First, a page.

Salamanca is different, not like the winding labyrinth of Toledo and not like the austere Avila. Here the streets are wide and every few steps you come to a small square. It is great fun to stroll through the old town and explore the details of the Plateresque façades. The most striking building is the Casa de las Conchas, which is decorated with more than 300 shells. It looks different at any time of day, depending on the position of the sun, the shells create a different shadow pattern. Across the street is La Clerecía, the church of the Pontifical University. You can climb the towers for a nice view of the cathedral and the old town.
The last must-see is the Plaza Mayor. Many consider it the most beautiful square in Spain, and I wouldn't disagree. It's perfect for a break between sightseeing, drinking coffee and people-watching. And for tapas and wine in the evening, when the square is illuminatedp and the façades glow golden. Or go to the Mercado Central next door, where you can taste the local delicacies.
You haven't had enough of the Plateresque style yet?
Go to the Convento de San Esteban. Its portal is even more lavishly decorated than that of the cathedral.
You have had enough of the Plateresque style? You want to see something different?
Go to the Casal de Lis. It is the only modernist palazzo in Salamanca. It houses the Museo de Art Nouveau y Art Déco. The collection is worth seeing, but the most impressive feature is the glass roof in the patio.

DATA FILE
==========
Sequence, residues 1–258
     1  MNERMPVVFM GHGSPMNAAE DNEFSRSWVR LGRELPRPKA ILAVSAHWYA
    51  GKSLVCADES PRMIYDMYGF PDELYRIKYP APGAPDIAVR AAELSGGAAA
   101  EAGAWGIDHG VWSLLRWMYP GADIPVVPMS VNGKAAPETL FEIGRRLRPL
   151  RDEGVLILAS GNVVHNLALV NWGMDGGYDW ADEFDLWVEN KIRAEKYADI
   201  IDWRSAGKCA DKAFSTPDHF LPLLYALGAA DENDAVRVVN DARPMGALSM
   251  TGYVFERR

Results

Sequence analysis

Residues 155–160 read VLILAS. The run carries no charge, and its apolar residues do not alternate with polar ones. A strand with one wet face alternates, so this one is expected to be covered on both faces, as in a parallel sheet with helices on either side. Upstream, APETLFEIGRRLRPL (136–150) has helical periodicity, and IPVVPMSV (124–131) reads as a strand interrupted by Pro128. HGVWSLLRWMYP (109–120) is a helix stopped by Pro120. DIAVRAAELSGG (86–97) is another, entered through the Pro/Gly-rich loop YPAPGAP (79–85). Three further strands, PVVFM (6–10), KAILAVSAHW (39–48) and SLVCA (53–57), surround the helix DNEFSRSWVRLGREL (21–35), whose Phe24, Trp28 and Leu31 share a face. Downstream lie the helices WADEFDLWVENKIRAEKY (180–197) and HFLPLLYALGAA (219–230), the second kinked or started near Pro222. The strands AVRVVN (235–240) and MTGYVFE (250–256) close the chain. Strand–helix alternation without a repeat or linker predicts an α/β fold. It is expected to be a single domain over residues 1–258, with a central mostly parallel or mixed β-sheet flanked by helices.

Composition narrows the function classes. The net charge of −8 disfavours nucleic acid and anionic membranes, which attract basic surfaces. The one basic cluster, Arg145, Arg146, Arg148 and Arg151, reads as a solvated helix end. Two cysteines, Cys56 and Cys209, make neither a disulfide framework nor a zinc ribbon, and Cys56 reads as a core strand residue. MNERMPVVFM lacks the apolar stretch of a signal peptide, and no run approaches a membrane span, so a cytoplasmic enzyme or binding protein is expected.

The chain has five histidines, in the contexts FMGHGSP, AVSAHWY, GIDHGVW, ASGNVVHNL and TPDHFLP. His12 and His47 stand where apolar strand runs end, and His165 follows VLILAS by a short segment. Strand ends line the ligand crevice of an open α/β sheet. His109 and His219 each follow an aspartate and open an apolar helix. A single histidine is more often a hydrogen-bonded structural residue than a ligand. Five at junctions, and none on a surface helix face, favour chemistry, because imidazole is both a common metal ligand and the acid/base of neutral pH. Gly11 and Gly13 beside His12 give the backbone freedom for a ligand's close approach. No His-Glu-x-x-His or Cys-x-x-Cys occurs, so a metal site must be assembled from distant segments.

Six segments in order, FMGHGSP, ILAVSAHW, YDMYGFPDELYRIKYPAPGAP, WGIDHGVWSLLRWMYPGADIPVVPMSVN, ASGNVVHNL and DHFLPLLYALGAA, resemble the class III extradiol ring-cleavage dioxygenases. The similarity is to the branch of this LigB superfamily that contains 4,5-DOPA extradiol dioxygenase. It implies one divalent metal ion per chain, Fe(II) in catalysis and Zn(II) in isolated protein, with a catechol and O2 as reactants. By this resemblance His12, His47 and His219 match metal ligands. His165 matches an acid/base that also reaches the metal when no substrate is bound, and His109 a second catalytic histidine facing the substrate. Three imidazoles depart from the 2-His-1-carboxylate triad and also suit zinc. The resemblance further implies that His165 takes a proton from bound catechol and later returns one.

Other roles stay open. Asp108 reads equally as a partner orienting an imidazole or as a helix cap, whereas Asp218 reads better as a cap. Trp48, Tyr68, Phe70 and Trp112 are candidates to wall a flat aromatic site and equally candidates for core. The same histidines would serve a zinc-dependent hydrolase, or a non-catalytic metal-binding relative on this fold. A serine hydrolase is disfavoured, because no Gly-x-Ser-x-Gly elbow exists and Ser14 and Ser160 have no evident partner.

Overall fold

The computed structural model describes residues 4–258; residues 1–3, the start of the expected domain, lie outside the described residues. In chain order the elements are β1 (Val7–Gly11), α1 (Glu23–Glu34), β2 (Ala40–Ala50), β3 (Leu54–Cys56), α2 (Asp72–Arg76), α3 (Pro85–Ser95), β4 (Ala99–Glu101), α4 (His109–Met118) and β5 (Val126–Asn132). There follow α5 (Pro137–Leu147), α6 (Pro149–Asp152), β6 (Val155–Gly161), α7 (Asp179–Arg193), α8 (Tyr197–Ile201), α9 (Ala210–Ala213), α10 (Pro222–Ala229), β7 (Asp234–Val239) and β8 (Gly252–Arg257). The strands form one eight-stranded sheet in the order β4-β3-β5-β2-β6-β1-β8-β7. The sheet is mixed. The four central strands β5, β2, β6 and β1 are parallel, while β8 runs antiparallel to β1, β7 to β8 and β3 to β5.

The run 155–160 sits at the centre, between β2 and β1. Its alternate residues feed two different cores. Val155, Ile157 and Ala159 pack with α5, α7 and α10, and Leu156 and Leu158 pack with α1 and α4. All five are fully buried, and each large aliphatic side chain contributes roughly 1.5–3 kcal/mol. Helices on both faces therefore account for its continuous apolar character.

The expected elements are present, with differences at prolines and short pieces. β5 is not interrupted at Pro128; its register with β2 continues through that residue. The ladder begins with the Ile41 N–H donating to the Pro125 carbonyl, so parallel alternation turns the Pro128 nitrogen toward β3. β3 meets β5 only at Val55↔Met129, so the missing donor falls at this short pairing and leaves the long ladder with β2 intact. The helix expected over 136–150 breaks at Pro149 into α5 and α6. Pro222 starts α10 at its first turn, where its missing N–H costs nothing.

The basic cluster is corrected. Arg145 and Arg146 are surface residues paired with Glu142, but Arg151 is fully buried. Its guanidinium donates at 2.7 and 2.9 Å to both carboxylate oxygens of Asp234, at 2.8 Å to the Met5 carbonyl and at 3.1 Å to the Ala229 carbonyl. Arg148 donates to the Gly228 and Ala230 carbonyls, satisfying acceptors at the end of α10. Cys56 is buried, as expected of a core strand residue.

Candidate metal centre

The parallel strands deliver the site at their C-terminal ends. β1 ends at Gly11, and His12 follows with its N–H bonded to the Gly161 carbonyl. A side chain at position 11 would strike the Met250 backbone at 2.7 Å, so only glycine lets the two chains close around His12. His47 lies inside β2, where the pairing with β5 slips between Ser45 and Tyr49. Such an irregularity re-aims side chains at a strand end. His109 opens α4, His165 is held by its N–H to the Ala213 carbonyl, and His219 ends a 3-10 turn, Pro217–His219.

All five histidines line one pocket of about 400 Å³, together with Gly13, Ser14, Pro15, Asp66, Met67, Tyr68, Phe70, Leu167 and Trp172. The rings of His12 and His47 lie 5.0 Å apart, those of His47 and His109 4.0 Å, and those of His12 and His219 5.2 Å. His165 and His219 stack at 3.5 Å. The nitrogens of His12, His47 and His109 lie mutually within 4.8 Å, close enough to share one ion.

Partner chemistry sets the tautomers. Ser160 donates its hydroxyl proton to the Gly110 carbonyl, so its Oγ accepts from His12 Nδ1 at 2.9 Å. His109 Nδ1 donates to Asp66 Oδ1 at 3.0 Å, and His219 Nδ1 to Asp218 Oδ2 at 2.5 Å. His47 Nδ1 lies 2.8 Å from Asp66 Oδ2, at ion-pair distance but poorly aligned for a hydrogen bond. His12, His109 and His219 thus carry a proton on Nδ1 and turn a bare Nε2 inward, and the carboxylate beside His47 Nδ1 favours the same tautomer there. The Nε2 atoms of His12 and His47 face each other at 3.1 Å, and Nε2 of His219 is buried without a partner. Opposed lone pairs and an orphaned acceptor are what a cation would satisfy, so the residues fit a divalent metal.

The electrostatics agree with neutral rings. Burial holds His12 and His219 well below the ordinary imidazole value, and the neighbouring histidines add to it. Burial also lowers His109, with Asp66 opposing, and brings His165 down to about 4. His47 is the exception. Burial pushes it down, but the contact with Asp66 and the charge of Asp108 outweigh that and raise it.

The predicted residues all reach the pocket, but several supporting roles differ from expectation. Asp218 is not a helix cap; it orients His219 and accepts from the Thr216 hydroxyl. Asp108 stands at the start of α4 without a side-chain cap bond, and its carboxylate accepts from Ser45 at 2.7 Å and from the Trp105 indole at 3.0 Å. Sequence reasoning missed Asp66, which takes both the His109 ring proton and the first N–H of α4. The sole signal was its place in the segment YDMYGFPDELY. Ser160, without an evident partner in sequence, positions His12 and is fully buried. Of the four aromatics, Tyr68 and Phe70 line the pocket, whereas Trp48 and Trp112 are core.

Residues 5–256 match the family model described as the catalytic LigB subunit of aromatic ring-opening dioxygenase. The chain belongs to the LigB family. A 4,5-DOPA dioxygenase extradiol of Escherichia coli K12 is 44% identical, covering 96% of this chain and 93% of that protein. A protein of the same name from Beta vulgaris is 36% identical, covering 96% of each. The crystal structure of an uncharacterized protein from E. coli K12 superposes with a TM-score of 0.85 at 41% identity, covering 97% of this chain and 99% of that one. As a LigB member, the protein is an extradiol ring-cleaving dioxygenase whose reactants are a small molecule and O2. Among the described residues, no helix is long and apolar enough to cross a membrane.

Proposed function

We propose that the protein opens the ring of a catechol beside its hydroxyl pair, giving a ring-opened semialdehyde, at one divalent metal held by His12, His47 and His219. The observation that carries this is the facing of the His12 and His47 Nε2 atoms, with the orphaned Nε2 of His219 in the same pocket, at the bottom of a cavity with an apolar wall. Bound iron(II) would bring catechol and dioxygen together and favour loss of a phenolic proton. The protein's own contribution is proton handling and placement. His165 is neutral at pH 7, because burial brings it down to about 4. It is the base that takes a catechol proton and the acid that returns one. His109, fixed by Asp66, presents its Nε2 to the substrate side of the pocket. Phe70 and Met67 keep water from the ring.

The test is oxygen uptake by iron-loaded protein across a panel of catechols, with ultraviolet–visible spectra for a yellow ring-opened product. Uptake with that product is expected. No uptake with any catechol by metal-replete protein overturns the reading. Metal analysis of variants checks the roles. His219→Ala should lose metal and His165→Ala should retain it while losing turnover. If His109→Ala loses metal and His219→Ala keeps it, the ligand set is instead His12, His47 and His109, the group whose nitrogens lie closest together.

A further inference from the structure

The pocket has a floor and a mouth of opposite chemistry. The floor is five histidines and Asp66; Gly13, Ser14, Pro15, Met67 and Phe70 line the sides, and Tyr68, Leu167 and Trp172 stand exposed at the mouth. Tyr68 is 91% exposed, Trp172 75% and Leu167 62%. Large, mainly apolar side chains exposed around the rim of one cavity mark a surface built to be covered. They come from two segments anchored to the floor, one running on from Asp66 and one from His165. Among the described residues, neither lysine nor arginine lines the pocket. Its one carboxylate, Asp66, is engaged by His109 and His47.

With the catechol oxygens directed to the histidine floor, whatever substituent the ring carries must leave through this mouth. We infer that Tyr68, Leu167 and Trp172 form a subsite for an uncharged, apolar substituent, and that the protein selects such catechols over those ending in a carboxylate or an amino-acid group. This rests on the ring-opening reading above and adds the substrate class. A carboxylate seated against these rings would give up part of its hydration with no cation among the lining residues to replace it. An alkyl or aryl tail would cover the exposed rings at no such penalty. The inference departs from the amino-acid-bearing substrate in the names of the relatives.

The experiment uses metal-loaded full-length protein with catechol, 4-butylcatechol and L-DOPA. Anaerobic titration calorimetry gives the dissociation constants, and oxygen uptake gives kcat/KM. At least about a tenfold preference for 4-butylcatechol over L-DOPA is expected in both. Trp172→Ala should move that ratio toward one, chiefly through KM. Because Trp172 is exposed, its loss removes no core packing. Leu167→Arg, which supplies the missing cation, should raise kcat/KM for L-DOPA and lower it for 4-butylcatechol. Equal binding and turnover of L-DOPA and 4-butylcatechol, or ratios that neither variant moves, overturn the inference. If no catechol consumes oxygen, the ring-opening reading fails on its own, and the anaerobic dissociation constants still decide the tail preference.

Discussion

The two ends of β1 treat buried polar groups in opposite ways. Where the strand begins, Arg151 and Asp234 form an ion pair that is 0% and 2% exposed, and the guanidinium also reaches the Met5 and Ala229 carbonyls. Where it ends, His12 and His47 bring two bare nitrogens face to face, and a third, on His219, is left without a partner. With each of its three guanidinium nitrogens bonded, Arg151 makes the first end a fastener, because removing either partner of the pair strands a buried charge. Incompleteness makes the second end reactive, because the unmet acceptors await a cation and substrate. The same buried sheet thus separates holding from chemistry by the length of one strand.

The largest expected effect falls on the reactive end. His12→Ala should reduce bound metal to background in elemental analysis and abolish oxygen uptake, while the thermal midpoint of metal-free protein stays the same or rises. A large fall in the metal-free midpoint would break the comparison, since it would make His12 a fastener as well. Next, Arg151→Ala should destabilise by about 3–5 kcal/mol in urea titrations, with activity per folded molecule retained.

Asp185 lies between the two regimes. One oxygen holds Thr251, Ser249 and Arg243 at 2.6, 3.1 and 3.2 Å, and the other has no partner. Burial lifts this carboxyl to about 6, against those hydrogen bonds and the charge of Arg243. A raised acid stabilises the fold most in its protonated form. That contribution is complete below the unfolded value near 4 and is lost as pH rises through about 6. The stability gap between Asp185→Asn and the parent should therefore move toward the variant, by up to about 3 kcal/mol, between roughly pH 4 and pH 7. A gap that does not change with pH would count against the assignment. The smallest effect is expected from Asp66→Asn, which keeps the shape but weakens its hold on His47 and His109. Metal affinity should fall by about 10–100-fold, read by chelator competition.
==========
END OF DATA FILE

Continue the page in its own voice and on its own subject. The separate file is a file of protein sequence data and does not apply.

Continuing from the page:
I visited Salamanca in May 2019 on my trip through central Spain. Salamanca is about 200 kilometres east of Madrid, too far for a day trip. I would definitely recommend spending more time in Salamanca and also staying overnight.
I grew up going to school in an Hijas de Jesus institution in the Philippines. Salamanca was always a place I had wanted to visit, being the place where the congregation was founded, but also because it always sounded like such an interesting and historic city in the stories we were told about it. I could finally attest to that after visiting in May 2018. My family and I visited one afternoon in transit between Madrid and Lisbon. Trains from Madrid depart from the Chamartin Station, passing by Avila and its distinctive walls before arriving in the city of Salamanca. First, we took a taxi to the Hijas de Jesus school just to see what it was like. El Colegio Sagrado Corazon seemed to be closed for the day (was probably a weekend), but it was conveniently right below the hill where the cathedral towered prominently, so we walked up and into the side entrance of the cathedral - which turned out to be the exit (oops!). That turned out to be a blessing in disguise, though, because the cathedral was closing, and if we gone to the actual entrance, we would've wasted time taking pictures of the beautifully messy Churrigueresque facade and possibly missed the closing time. Anyway, the exit first brought us to the somewhat disheveled cloister and the many unique side chapels, then to the Romanesque, clearly older, Old Cathedral. Some interesting medieval frescoes and designs can be found here. Overall, it's a very solemn and historic, yet humble atmosphere in the Old Cathedral. The New Cathedral, which is directly connected to its older counterpart, is anything but humble. It was like a slightly smaller Seville Cathedral, but without the crowds, the gold, and the Columbus. Actually, with the lack of tourists, the empty church and its graceful Gothic vaults felt even bigger.